Friday, July 16, 2010

Blast from the Past

Years ago - way before the Internet - I had a Tandy 1000 TL computer.  This featured an 8086 processor, less RAM than my old calculator watch, and two floppy drives - for 5.25 inch and 3.5 inch disks.  In its day, it was a very trendy and innovative computer.  Tandy monitors could display sixteen colours using their proprietary technology while IBMs still maxed out at three colours.  It had a bootable ROM, which could launch Deskmate, a program which arranged all your Deskmate applications like the text editor, drawing software, games, etc into windows on the screen.  The actual individual programs needed their floppy disks inserted before you could run them, however.

If you installed a serial port card, you could even hook up a mouse to make navigation easier.  If you didn't want to have to keep swapping discs out when you ran programs, you could install a "hard card" - which was an expansion card with a 20 MB hard drive stuck to it.  I had two of those hard drives, and they both stopped working years ago, when I was still actively using the machine.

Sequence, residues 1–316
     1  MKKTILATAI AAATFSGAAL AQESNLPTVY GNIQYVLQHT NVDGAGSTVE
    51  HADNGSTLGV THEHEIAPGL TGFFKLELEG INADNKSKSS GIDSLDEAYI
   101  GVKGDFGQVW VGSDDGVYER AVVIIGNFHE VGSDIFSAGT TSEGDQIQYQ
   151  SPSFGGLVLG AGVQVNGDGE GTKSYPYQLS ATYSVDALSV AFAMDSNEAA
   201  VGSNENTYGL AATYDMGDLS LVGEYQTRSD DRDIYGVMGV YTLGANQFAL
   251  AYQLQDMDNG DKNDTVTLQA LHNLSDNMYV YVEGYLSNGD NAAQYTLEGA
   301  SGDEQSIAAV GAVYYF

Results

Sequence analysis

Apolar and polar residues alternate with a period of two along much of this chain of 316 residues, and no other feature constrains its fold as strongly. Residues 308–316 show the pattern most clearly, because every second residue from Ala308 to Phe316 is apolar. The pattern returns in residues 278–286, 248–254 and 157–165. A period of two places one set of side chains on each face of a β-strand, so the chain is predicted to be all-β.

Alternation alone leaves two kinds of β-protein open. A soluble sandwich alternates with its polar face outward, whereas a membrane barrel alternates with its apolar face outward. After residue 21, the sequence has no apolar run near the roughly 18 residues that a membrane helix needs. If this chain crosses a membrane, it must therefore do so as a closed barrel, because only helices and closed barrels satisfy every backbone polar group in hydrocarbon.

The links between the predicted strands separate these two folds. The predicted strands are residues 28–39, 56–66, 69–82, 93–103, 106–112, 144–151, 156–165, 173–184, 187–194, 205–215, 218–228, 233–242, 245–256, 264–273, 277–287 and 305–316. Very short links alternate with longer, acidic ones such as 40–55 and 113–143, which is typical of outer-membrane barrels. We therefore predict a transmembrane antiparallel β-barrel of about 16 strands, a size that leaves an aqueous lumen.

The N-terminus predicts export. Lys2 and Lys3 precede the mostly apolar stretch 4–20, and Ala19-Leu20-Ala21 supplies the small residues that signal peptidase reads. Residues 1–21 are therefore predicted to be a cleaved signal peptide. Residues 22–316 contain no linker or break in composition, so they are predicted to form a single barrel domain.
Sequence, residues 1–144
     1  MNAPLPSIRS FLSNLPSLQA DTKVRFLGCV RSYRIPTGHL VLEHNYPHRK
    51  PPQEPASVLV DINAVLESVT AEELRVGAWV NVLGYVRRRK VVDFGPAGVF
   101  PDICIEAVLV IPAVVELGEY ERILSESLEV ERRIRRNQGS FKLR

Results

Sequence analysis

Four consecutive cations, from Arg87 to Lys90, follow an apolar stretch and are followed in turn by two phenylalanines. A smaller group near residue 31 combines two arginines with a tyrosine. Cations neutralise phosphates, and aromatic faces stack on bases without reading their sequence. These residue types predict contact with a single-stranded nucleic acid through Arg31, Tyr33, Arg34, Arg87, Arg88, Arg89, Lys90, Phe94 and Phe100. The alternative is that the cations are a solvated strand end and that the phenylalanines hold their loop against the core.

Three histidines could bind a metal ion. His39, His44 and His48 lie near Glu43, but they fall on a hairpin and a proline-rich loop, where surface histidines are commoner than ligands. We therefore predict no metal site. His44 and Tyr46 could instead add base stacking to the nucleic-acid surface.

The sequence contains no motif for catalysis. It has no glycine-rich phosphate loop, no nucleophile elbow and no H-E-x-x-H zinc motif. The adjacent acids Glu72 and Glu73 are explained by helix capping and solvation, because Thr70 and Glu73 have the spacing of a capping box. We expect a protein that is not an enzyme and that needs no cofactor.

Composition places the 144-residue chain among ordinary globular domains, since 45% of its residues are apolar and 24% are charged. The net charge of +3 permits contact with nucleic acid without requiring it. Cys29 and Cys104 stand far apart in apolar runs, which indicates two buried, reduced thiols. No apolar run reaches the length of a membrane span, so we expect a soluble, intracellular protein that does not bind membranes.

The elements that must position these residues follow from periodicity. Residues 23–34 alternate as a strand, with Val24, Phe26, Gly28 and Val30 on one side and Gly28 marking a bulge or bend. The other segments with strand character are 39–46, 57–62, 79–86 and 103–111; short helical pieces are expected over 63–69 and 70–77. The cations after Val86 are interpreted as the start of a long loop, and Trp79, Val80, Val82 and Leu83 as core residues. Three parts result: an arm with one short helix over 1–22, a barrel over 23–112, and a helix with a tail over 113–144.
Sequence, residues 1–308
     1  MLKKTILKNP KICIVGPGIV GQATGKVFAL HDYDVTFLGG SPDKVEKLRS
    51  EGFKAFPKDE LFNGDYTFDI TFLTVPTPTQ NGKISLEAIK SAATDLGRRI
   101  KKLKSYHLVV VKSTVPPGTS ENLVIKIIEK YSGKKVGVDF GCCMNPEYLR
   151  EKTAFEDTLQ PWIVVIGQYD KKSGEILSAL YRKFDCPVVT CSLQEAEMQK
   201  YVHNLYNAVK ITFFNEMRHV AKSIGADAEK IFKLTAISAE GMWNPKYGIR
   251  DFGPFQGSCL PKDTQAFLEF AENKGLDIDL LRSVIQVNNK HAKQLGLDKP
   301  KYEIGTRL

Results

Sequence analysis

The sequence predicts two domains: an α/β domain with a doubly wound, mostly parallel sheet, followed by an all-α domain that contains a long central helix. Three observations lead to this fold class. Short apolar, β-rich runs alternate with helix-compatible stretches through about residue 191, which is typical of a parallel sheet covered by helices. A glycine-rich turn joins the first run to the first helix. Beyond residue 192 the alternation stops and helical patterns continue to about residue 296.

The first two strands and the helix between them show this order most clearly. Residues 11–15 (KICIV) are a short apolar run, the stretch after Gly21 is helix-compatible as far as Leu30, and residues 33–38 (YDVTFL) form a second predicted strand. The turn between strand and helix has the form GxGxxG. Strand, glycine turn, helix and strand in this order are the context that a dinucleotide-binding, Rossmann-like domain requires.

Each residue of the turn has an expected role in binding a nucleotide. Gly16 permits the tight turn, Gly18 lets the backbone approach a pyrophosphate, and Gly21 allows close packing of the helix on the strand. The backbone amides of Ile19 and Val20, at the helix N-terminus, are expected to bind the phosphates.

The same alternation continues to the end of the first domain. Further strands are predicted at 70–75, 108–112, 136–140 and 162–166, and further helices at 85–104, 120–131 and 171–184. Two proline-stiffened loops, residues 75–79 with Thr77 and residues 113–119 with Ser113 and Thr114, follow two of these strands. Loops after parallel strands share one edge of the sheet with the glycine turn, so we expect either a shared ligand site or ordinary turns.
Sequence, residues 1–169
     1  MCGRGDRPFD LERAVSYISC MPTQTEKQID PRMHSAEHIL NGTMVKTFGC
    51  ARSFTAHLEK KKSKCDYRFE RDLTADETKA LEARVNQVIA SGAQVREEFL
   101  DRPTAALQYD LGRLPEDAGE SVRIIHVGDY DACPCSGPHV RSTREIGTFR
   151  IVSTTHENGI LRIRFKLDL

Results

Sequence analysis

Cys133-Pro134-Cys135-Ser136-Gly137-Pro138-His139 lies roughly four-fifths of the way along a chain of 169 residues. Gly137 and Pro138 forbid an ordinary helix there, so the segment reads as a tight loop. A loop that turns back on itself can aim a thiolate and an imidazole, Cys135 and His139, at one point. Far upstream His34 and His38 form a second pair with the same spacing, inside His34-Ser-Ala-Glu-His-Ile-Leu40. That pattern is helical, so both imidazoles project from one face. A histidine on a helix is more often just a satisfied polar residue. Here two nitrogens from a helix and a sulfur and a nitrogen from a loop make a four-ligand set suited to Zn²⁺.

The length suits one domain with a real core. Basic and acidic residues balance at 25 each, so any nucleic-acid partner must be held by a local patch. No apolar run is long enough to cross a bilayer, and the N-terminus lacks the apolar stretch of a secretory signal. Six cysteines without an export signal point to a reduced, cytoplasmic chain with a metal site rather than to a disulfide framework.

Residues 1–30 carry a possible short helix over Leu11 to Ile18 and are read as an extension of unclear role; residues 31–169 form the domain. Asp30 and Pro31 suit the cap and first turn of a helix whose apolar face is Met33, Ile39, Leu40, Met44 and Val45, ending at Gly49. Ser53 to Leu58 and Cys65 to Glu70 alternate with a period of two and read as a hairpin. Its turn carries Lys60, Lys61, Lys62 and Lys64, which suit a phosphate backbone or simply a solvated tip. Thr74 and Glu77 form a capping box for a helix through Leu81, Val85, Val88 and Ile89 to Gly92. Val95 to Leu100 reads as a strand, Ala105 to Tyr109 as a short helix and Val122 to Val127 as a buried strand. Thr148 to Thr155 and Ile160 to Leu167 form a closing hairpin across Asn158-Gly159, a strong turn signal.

This Tandy has been one of the few things I've managed to hang on to since my bachelor days.  I did a lot of writing on it back then, and it was on this machine that my old buddy Phil Chajkowski at Aldersgate College saw me doing journal entries and came up with my nickname "Doogie" which has stuck to this day.  I must have moved sixteen times in my unstable and gallivanting bachelor days, and it came with me every time.

While tidying up the garage, I dusted off the old beast.  On a whim, I hooked everything up and tried booting the computer.  Here's what happened:

So it looks like I'll have to consign this dear old electronic friend of mine to the scrap heap.  It's a pity, but life goes on.  Although I wonder if it's so old that it's become a collector's item...


  1. James, I had an old BBC Micro-computer, and as the 5.25 floppy drive aged, I had to partially unlatch the door to get it to spin the floppies.

  2. When the hard-cards were in the process of failing on the Tandy, I used to have to open the case and physically turn the cylinder with a screwdriver to get it kick-started again. That was a pain.


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